Shailaja, the founder and Director of EBMF explained that it wasn’t as simple as poverty = trafficking. There are other factors too such as alcoholic parents and alike, but one of the biggest contributers were step parents. When a new relationship starts in some places the children from a previous relationship are a financial burden that the new partner is not willing to bear. Therefore choose to sell these children to traffickers and just get rid of them.
After the interviews I went to visit the children at the refuge, which was a 5 minute trip on the back of a motorcycle away. It’s a very simple set up.
Later on I spoke to an American psychologist who is visiting to assess the children. She remarked that she had been surprised at the simplicity of the accommodation, but it is quickly noticeable that the children are very happy there. Indeed for children in a comparable situation back in the US the kids would have been in a strict institution, whereas these ones had time to run and play and do what children do best.
When I got there with Bablu, the refuge manager, they greeted me with smiles and handshakes and all said “hello” very nicely, and all clearly had affection for him. One little boy took his motorcycle helmet and ran around with it on his head, while he showed me round.
As I said the digs were quite simple, blocks for the boys, blocks for the girls, a cook house, and a big playing field with a little grass roofed hut to one side, what more could you ask for? I spoke to one little chap of about 11 years old who already had good English. He told me he was happy there because they teach him to read and write, (how refreshing to find a child that appreciates their education.)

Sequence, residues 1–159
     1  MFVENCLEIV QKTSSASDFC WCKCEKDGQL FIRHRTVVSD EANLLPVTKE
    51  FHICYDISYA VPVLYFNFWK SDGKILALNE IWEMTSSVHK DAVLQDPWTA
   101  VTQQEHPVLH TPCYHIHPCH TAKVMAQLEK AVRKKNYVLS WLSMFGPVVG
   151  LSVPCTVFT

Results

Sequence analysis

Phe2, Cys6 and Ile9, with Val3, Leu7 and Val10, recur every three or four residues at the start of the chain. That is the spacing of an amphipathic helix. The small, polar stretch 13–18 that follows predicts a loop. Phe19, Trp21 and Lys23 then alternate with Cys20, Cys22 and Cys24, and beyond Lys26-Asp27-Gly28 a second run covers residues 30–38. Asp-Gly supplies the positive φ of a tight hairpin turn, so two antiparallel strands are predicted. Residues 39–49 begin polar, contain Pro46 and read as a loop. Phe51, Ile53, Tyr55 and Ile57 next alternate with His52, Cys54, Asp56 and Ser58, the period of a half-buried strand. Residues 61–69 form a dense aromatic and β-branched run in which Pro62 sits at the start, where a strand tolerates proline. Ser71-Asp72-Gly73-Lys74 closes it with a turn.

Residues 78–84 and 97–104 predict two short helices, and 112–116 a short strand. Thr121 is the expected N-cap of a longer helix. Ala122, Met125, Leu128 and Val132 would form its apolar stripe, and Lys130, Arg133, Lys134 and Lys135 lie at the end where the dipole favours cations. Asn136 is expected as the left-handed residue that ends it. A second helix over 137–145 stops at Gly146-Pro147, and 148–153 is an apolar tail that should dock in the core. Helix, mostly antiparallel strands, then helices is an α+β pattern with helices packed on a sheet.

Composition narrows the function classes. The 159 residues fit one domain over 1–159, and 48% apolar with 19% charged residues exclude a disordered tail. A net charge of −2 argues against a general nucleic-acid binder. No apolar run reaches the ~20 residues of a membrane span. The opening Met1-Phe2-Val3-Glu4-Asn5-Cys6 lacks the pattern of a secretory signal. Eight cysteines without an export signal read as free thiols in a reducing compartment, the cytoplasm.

It was just a passing visit and unfortunately I wasn’t given permission to film, but I’m really glad that I went. I parted with the knowledge that thanks to EBMF these children were being given life opportunities that would be otherwise impossible.
On my last day in Bhairawa, I went with a translator to visit a slum school in nearby Butwal. I was interested to see this area because I believed that such a poor place, so close to the Indian border was a prime spot for trafficking, and I might find a few interesting stories there.
The school consisted of few basic classrooms, each with a teacher a blackboard and full to the brim with children who clearly having a fun. One class entusiastically sung a song in English for me that was stuck in my head for the next few days. (The tune was the same as row row row your boat, but was all about getting ready in the morning so it became brush brush your teeth, followed by comb comb comb your hair and so on). After looking around the school and getting some footage of the various activities going on I asked if I could speak to the head teacher. She claimed not to have heard of any child trafficking from the area, which while it’s good news if it’s true, I must admit that I’d hoped for a gruesome anecdote to add a bit of meat to my film. She did tell me though that there are cases of adult trafficking, people that are promised a nice life in Dubai, taken to a nice place in India while they’re processed, but then ultimately sold illegally with very few rights and a horrible life on arrival. This kind of trafficking is a legal grey area, as they’re using what seem to be legitimate agents for overseas domestic work in India.